- The Washington Times - Monday, March 12, 2007


The deficit for the first five months of the budget year is down sharply from a year ago as the growth in government tax collections continues to outpace growth in spending.

The Treasury Department reported that the deficit from October through February totaled $162.2 billion, down 25.5 percent from a comparable period last year.

The improvement was recorded even though the deficit in February hit $120 billion, up 0.6 percent from a deficit of $119.2 billion in February 2006.

One factor that contributes to higher deficits in February are the refund payments that the Internal Revenue Service mails during the month to people who have filed early tax returns. The February 2006 imbalance was the largest monthly deficit for that year.

In the current budget year, which began on Oct. 1, the government had larger-than-expected surpluses in December and January.

For the first five months of the budget year, revenues are up by 9.3 percent to a record $954.4 billion.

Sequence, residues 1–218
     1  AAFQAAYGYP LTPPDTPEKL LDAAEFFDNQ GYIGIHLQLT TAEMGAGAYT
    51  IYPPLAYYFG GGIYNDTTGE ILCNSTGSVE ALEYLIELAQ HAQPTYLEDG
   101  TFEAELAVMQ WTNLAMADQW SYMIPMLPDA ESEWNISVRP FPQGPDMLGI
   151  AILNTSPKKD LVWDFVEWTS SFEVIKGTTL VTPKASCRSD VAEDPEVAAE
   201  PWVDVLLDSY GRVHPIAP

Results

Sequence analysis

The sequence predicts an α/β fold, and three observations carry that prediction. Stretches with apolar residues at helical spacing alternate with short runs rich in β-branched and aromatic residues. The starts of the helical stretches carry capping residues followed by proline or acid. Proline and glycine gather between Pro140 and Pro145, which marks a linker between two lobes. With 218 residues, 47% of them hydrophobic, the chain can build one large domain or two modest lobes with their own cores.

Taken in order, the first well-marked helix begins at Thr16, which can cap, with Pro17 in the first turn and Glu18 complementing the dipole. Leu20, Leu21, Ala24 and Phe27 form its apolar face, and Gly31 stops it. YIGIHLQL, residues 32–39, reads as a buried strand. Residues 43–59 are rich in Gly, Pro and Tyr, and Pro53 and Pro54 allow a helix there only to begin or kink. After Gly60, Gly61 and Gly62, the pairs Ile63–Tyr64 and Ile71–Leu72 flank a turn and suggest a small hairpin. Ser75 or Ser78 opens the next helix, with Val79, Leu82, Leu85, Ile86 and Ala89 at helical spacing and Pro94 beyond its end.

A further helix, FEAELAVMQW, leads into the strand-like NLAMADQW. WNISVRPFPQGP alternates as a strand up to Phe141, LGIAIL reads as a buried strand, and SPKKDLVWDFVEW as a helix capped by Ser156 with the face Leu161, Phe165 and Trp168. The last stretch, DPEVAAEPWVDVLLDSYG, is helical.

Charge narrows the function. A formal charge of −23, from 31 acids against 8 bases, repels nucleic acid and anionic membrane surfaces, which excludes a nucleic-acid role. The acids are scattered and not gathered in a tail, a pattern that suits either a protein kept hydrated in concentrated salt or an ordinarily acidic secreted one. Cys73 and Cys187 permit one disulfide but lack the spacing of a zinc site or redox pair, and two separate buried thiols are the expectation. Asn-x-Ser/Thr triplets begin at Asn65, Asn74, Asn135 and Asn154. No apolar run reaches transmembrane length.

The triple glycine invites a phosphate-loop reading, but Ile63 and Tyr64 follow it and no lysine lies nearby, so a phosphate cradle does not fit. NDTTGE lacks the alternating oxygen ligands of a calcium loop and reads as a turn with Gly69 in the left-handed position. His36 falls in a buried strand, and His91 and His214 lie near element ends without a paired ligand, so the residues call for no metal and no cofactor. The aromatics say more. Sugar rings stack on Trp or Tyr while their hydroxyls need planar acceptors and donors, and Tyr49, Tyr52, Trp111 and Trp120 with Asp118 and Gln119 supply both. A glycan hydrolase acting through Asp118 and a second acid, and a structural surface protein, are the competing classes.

Spending for the period also set a record at $1.117 trillion, but that 2.3 percent rise was slower than the growth in revenues, resulting in a lower deficit.

The Bush administration is forecasting that the deficit for this year will total $244 billion, a slight improvement from the $248.2 billion actual deficit for 2006.

However, the Congressional Budget Office is more optimistic, forecasting that the deficit for the current budget year should decline to $214 billion. That forecast assumes that Congress will approve President Bush’s supplemental spending request for the war in Iraq.

The $248.2 billion deficit for 2006 was the smallest deficit in four years and down significantly from the all-time high, in dollar terms, of $413 billion in 2004.

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